The year of fintech
If investment is anything to go by, 2015 will be remembered as a milestone for financial technology. According to Forbes, In 2013 an estimated US$3 billion was invested globally in fintech startups. This number quadrupled in 2014 with over US$12 billion in investment. But 2015 is set to be the biggest yet with forecasts suggesting as much as double 2014’s number. Where is this money going, and what does that mean for African fintech startups?
Most investment is unsurprisingly focused on the US market, with as much as 75% of venture capital in fintech going to American companies. These investors are also not looking outside of the USA for opportunities, contrary to popular belief.
Investment in the rest of the world has been increasing, however, with companies such as Mondo in the UK catching the spotlight. In Africa we’ve seen both local companies such as Kenya’s BitPesa, and South African AlphaCode Members Entersekt and SnapScan getting attention internationally. Investment by local groups, such as Naspers taking a lead in the US$4 million Series A round of Singapore’s BitX - a cryptocurrency startup that houses its development team in South Africa - has also shown that Africa isn’t being left behind.
In terms of focus, the majority of fintech startups are currently zoned in on lending and payments. Venture Scanner tracks 1130 of the top fintech startups in 18 categories across 53 countries and recently revealed that 274 of these are focused on lending. Another 269 are working on payments, with only 40 working in remittances and 32 in consumer banking.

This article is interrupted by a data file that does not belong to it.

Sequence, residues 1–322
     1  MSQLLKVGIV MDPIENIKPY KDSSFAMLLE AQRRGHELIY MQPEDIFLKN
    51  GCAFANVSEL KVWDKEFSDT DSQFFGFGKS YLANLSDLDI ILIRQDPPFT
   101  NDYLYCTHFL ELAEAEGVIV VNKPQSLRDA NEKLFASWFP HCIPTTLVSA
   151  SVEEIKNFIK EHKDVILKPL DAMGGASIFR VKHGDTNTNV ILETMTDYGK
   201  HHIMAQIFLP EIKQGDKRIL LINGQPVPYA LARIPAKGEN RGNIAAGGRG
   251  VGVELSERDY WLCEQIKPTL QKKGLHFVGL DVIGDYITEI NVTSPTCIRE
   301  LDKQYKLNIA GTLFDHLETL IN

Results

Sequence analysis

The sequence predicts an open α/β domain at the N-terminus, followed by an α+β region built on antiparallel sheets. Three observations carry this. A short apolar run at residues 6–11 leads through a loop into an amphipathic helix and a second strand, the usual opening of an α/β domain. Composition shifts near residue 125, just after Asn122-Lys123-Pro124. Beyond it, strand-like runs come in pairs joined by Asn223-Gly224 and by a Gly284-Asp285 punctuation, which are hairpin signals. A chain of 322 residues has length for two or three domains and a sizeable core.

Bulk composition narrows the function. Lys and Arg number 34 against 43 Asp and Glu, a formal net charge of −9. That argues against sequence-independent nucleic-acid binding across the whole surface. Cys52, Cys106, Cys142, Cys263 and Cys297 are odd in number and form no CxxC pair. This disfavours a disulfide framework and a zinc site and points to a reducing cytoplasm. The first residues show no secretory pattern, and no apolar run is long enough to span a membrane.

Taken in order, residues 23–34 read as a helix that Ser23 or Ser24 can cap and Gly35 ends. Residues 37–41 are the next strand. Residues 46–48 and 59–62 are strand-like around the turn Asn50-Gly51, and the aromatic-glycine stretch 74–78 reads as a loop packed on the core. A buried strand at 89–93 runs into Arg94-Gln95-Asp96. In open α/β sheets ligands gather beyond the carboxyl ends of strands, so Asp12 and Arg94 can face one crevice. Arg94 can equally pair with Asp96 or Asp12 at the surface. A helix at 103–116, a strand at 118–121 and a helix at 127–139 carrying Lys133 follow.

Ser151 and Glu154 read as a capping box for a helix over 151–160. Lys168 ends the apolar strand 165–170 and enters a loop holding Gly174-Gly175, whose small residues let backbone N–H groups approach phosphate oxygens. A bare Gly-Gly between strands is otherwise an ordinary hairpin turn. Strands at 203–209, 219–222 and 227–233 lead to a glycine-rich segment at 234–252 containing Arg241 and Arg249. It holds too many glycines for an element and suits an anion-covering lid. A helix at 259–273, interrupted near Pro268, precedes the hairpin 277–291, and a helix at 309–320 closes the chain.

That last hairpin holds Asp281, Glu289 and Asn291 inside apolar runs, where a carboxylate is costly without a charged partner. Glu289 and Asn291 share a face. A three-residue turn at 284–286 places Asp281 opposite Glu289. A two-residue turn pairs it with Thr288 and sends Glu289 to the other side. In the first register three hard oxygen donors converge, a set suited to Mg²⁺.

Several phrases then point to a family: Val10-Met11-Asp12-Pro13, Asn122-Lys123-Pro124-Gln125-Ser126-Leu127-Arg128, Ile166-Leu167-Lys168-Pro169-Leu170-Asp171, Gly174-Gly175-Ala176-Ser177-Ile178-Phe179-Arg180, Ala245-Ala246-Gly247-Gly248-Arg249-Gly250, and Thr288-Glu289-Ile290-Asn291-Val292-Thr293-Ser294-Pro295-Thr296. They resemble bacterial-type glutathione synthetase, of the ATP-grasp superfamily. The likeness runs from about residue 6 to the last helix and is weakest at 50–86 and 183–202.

In terms of global distribution, it is true that most innovation is taking place in the USA, but Asia is also rising in prominence and South America has also seen increased activity. Kenya and South Africa are noted on the list, but other African countries are not prominent. This suggests a lot of opportunity in Africa.
It should also be noted that Africa is considered the biggest potential market for fintech innovation both in terms of scale and market readiness.
In its recent State of Bitcoin Q1 2015 report, CoinDesk remarked that, "Factoring in remittance fees makes Sub-Saharan Africa the most fertile market for Bitcoin … "- as just one example.
Reasons for Africa’s appeal include the current state of financial services in the region and that consumers in Africa trust mobile devices, such as smartphones, as their primary computing devices. We have also seen the success of mobile money platforms such as MPesa in Kenya and MTN Mobile Money in South Africa, whereas such products are yet to make an impact on more developed markets.
Whether it’s a business-to-business solution capable of transforming retail payments or a consumer service that offers disruptive banking products, Africa’s fintech startups have the potential to make a big impact in some of the world’s most interesting markets - and there’s clearly space for many more.